Q&A with Ben Aaronovitch, Author of Lies Sleeping
By John ValeriNovember 20, 2018
Ben Aaronovitch is a HUGO Award-nominated author. He began his career as a screenwriter and contributed to the original two seasons of the television show, Doctor Who, among others. Aaronovitch later became a bookseller before returning to writing with his Sunday Times bestselling Rivers of London series of contemporary urban fantasy/crime fiction novels. He was born and raised in London, and his love for the city is reflected throughout the books. Lies Sleeping (available November 20, 2019) is the seventh novel in the Rivers of London saga, which has sold more than a million copies.
Recently, the author generously reflected on topics including balancing backstory, the intersection of plot points, negotiating with characters, the importance of setting, and the transferable skills between scriptwriting and novel development.
Lies Sleeping is the seventh book in your Rivers of London series. How do you endeavour to keep things fresh, both for yourself and for your readers? Also, what’s the key to balancing backstory with forward momentum?
I love the way you assume such a high degree of conscious control over my writing – it’s very flattering. First off, I try not to repeat myself too much from one book to the next. I try to ensure that aspects of the premise, setting, and story are unique to that particular book. This ranges from the very obvious move to the countryside in Foxglove Summer to the shift in tone between Rivers of London and Moon Over Soho. Secondly, I try to add variety to both the detail about such mundane things as policing or architecture and to the legendarium surrounding the magic in the series.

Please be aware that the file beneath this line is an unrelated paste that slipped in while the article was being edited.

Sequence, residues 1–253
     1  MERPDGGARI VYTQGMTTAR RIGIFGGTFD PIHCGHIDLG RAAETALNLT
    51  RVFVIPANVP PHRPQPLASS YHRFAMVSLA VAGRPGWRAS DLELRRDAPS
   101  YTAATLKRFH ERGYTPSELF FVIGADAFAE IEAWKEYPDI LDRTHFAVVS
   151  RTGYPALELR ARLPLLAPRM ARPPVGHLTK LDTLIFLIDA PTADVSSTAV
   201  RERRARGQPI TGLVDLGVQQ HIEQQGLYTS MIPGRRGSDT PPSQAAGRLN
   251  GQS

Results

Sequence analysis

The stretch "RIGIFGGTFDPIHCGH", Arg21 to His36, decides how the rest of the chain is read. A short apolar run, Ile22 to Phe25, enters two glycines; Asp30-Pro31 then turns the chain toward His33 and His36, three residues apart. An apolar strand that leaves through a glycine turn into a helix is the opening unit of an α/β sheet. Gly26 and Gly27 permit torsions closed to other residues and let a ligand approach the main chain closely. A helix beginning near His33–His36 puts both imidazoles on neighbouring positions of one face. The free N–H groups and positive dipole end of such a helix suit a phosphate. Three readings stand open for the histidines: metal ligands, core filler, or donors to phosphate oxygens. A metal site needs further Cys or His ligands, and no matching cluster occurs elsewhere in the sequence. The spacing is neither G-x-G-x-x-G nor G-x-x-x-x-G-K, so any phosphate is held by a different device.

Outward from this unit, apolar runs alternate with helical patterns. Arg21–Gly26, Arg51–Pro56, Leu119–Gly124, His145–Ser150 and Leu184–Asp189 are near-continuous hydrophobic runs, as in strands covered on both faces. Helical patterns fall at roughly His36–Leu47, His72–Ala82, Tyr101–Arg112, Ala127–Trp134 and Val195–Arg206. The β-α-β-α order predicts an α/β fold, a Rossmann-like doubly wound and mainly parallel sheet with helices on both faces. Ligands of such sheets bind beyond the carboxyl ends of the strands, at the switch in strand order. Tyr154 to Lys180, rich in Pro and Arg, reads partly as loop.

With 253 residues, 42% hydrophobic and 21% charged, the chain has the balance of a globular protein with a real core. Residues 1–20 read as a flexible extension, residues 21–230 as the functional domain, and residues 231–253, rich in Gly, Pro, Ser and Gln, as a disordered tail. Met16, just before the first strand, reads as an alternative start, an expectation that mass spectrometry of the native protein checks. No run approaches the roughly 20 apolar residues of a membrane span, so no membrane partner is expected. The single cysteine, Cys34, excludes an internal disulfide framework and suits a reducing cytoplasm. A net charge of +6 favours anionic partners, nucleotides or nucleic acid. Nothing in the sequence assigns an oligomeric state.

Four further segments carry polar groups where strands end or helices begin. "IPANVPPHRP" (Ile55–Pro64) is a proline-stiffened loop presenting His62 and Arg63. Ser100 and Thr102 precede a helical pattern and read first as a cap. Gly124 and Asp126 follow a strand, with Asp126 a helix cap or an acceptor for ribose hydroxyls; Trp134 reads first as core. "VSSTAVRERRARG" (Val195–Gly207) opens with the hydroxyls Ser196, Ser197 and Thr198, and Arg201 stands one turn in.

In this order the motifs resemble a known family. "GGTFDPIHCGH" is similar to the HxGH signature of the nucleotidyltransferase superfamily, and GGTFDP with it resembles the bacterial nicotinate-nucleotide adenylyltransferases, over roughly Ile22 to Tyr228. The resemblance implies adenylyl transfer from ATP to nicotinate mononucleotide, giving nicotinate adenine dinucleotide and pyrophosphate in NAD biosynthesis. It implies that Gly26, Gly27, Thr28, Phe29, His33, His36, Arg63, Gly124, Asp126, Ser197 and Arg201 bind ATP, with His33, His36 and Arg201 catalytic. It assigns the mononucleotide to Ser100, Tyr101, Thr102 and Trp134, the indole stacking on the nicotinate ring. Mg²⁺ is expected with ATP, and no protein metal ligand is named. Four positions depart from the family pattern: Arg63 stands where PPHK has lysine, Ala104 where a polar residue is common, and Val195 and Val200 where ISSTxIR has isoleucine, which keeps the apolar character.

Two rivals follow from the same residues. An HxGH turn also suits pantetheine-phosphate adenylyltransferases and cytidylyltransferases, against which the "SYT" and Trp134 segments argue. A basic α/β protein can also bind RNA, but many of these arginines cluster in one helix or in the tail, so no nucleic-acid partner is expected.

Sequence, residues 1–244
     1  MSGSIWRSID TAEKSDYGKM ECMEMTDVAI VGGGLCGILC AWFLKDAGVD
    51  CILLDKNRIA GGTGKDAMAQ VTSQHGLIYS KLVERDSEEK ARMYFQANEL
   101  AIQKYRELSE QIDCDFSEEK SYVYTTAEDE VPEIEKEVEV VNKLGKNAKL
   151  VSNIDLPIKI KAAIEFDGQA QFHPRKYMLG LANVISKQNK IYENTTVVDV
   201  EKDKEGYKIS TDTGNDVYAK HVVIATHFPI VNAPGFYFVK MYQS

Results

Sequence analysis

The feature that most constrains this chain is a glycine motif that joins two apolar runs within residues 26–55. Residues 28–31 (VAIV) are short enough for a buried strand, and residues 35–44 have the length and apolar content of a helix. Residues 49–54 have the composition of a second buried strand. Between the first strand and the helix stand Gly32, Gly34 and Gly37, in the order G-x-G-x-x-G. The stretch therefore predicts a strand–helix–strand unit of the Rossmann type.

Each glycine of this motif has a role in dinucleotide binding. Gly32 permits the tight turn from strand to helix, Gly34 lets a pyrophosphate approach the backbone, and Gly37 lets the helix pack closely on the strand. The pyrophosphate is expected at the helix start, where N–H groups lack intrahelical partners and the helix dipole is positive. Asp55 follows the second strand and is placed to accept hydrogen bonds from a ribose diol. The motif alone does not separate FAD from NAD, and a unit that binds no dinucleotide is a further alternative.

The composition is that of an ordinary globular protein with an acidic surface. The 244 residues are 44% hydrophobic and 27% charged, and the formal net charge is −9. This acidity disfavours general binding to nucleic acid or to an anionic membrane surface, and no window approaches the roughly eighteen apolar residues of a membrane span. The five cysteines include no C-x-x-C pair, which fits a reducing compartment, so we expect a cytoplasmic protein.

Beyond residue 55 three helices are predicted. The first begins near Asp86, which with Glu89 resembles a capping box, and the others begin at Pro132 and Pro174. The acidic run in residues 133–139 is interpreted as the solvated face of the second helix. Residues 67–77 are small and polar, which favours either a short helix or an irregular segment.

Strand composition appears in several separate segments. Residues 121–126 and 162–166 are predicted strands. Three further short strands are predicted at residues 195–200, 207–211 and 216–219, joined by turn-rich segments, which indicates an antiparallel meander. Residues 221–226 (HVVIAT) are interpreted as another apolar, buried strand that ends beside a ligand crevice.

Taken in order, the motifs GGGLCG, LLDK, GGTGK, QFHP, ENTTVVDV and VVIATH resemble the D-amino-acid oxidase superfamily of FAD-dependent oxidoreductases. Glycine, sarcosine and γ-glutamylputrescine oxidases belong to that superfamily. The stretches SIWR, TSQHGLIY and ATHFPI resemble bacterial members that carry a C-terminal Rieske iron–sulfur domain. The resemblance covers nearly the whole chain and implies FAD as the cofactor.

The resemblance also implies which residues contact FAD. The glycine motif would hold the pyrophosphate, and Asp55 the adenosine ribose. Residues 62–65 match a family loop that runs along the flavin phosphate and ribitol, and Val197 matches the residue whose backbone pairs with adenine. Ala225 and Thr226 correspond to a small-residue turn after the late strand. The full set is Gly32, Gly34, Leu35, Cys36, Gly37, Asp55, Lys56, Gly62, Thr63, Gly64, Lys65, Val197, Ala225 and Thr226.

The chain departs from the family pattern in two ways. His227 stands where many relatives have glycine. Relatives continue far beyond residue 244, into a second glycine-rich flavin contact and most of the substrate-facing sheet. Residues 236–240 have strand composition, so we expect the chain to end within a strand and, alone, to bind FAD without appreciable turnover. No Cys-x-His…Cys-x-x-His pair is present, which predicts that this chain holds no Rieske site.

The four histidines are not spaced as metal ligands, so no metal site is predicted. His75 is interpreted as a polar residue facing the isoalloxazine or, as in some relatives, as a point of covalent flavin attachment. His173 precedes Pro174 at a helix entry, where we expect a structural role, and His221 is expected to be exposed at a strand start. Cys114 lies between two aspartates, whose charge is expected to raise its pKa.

The balancing act is trickier, and like all balancing acts, it’s much easier to do if you don’t think about it too much.
Detective Constable Peter Grant is on the trail of The Faceless Man Killer – a case that melds past and present events. What compelled you to write about the intersection of occurrences – and what was your plotting process like to account for this?
Right from the start, the Rivers of London series has been about the liminal area where things intersect. Peter’s working class background intersecting with Nightingale’s posh one, old meets new, science meets magic, procedure meets wild caprice. A world city that is also a national capital, outward vs inward, the future vs the past. I try to thread my plots through this closely woven fabric so that it leaves as few holes as possible – I don’t always succeed.
Things are further complicated by the fact that Peter must reunite with his friend-turned-foe, Lesley May, to save the city. In what ways does their personal dynamic allow for heightened suspense and emotional resonance – and how does this lend itself to an organic sense of character development?
I like to say that I don’t so much direct my characters as negotiate with them about what they do next. Many people point out that all a writer’s characters spring from a single mind and therefore, by definition, have no will of their own. To think this is to be completely right and to be entirely missing the point. I take my characters and I look at the situation they’re in and I ask myself, not what does the plot need them to do next, but what would they as people do next. Sometimes the plot has to change or you need to give your character a good reason to do something – even if this is never explicitly detailed in the story.